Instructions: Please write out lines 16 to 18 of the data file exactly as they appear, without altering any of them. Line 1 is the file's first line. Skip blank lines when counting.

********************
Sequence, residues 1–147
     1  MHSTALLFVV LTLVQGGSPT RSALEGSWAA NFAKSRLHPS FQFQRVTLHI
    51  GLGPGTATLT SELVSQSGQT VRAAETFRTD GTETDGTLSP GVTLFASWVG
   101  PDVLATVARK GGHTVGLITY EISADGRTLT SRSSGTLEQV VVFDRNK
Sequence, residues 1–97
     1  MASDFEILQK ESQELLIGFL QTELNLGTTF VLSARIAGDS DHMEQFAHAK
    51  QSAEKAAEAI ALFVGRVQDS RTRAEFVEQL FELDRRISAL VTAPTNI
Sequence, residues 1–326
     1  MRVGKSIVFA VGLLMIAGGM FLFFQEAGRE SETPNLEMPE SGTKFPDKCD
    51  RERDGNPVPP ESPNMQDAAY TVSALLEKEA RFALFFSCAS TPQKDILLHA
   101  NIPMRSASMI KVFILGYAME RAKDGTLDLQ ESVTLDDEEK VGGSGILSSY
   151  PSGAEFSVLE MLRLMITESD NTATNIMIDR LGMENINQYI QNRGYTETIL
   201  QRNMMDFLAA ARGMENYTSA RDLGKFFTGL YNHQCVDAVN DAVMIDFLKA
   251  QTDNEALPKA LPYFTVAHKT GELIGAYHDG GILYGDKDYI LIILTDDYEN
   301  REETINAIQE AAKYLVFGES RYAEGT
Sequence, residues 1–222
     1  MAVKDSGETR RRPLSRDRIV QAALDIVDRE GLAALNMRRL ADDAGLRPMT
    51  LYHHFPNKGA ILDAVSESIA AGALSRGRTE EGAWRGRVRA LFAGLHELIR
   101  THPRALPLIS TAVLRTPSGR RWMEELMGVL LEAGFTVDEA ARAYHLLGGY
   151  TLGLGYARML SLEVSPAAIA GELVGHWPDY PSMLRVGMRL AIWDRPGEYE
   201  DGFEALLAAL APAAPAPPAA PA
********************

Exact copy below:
Sequence, residues 1–222
     1  MAVKDSGETR RRPLSRDRIV QAALDIVDRE GLAALNMRRL ADDAGLRPMT
    51  LYHHFPNKGA ILDAVSESIA AGALSRGRTE EGAWRGRVRA LFAGLHELIR